International law

Of Statelessness, Detention Camps and Deportations: India and the “National Register of Citizens” in Assam

The legal process relating to a citizenship register in the state of Assam in India is violative of multiple human rights obligations. With the deadline of 31 July 2019 looming large, I look at the flaws in the process and international law obligations.

Enforced Disappearances: A Global Scourge, Increasingly Under the Radar

With the disappearances of Jamal Khashoggi, the head of Interpol in China, and thousands of others across the globe, I look at ‘short-term’ disappearances and the legal interpretation catching up to this increasingly prevalent phenomenon.

“Surgical Strikes” Redux?: Ratcheting Tensions in South Asia

A brief post for Opinio Juris, within a few hours of the Indian air strike on JeM camps in Pakistan. A brief assessment of the Indian Foreign Secretarys statement - with a more detailed international law analysis to follow subsequently…

“Comfort Women”, the “Birangona” and historical war time sexual violence: Ignoring wounds of the past?

“Comfort Women”, the “Birangona” and historical war time sexual violence: Ignoring wounds of the past?

I attended the opening of the exhibition on Women & War at the Ayala Museum in the Philippines. Hearing a Lola - or grandmother who survived the ordeal of being a “Comfort Woman” - made me think of this issue more, and also look into the often forgotten '“Birangona” of Bangladesh. What hope for justice and redress?

Amnesties: Three Disparate Contexts, Similar Goals?

Amnesties: Three Disparate Contexts, Similar Goals?

Discussions relating to amnesties in the Central African Republic, Venezuela and Guatemala in the past week compelled me to look at these different contexts and to address questions relating to the feasibility and legality of amnesty laws.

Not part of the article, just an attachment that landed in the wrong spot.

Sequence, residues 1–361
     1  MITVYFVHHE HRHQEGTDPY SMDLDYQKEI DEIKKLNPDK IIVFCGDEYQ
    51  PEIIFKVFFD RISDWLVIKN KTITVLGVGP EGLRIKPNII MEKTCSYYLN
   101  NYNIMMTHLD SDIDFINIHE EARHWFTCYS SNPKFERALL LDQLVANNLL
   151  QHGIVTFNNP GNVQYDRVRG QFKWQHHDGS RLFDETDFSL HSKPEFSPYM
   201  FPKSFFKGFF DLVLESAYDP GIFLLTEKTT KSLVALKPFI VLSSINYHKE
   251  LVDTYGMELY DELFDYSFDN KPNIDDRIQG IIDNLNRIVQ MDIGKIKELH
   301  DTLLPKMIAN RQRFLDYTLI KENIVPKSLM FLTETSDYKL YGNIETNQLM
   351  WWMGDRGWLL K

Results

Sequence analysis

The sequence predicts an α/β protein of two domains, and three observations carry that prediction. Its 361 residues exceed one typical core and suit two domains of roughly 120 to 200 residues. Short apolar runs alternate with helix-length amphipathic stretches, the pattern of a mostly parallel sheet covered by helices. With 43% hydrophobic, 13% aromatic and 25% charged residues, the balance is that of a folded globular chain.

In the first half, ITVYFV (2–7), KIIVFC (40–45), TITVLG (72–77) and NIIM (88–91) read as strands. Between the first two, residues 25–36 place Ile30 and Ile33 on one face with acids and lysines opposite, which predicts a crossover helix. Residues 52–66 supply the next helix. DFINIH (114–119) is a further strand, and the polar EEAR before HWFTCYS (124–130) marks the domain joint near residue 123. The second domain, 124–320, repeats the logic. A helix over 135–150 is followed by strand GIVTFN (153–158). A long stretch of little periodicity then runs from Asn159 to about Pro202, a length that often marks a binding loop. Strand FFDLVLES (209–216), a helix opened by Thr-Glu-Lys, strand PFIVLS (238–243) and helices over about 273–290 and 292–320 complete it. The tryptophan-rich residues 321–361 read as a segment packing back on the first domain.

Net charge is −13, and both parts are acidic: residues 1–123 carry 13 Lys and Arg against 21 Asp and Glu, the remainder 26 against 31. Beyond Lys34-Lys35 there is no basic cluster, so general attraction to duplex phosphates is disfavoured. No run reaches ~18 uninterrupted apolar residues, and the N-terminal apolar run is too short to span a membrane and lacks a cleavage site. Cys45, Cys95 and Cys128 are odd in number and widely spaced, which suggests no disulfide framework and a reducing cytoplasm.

Taking Statelessness Seriously: Linkages to Mass Atrocities?

My post on statelessness & the legal linkages to mass atrocities - an overlooked connection perhaps? Drawing from the Myanmar FFM report, a few preliminary thoughts and areas for future exploration...

Comment on “Internationalized Armed Conflicts in International Law”

As part of a book symposium for Opinio Juris, I comment on “Internationalized Armed Conflicts in International Law” by Kubo Mačák. The book is an insightful analysis of the tipping point at which non-international armed conflict (NIAC) may be ‘internationalized’ and considered an international armed conflict (IAC). I had a few thoughts, relating specifically to conflict in South Asia, and to the ‘humanization’ of international law.

Women in International Law: A Vanishing Act?

Women in International Law: A Vanishing Act?

A few thoughts on gender diversity in international law, sparked by the nominations for the UN International Residual Mechanism for Criminal Tribunals (IRMCT). I assess International courts, UN treaty bodies and mandate holders. The results are not pretty!

Human rights impact assessment in Myanmar: Facebook’s anodyne report

Facebook’s report on its activities in Myanmar is anodyne and does not address important questions raised by the UN FFM. I raise a few points after reading the report, which are worth exploring further.